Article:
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Alpine, which has also worked with companies like J. Crew and Office Depot, has doubled its annual revenues since 2005, to more than $50 million. Other major home-based calling firms include LiveOps, which has 20,000 agents (its 2009 revenues exceeded $100 million) and has worked with companies like Kodak and eBay; and West at Home, which has 14,000 agents and says it is getting 4,000 job applications a month.
These U.S.-based calling firms aren't always the cheapest available. Typical all-in costs (including technology and phone routing) for a client average about $20 an hour per call agent, as compared with costs as low as $12 per hour for an agent based in India or $16 per hour for one based in the Philippines. Still, hiring one of these companies can be substantially cheaper for companies than adding a $30-per-hour in-house staffer. "We're at an inflection point," says Alpine CEO Christopher Carrington. "In seven years, there will be no reason for employees to drive into a brick-and-mortar cell center."
Carrington says Alpine's at-home call handlers recently demonstrated their value to a client by selling 30% more office supplies to medium-size businesses than a comparable Philippines-based team had. At an average age of 41 years old, Carrington points out, his employees are older and more experienced than most foreign-based operators. In addition to 150-plus hours of training, top call handlers benefit from incentives, so they earn more when callers buy more, which is not always the case for cheaper outsourced services. What's more, says Carrington, it helps to have regional call handlers who understand local mores and office routines and who work with just one company at a time. "We work with large retail banks, and they don't want someone taking a private banking call one minute and a pizza call the next," he says.
Much of the growth in the at-home agent workforce comes from work-at-home moms. At LiveOps, 75% of the call handlers are female, and a growing number are experienced retirees. About 85% of West at Home agents are female; Alpine's workforce is 71% female. That gender breakdown may be starting to shift, however; half of new Alpine applicants are male.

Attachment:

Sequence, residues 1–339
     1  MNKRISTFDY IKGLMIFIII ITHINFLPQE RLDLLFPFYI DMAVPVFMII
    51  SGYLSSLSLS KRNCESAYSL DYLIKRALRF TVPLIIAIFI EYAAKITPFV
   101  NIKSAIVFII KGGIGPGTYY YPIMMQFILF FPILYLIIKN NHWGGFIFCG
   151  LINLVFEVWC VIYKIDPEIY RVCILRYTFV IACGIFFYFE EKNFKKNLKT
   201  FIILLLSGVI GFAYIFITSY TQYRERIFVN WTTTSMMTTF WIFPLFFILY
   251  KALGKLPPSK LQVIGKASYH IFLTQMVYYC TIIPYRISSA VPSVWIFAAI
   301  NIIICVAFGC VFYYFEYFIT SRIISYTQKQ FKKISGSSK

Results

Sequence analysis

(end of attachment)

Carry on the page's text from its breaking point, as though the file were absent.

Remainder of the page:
The attrition rate for these workers is also relatively low, says LiveOps marketing executive Paul Lang about 10%, compared with the 70% to 80% that is typical among factory-like brick-and-mortar call centers. Call handlers like being able to set their own hours and goals, Lang says, and many use their LiveOps work to supplement income from other employment.
Nevertheless, the pay is not much better than that of burger flippers. Alpine employees typically start at $8 to $9 an hour, even with decades of work experience, moving up to $12 an hour in some cases. On an online discussion board, an Arizona-based call agent complained about the low pay, arbitrary rule changes and a general lack of respect, and wrote that "Alpine Access, in my opinion, is a 21st century sweatshop." However another agent, based in Georgia, praised Alpine's 401(k) plan and "amazing" training, and said he had repeatedly recommended the company to others.
Home-based calling may benefit from new federal attention to flexible workplace initiatives. LiveOps CEO Maynard Webb last week attended a White House forum on workplace flexibility, during which President Obama announced that his chief technology officer, Aneesh Chopra, is developing a plan to enable more federal employees to "telework," or work remotely.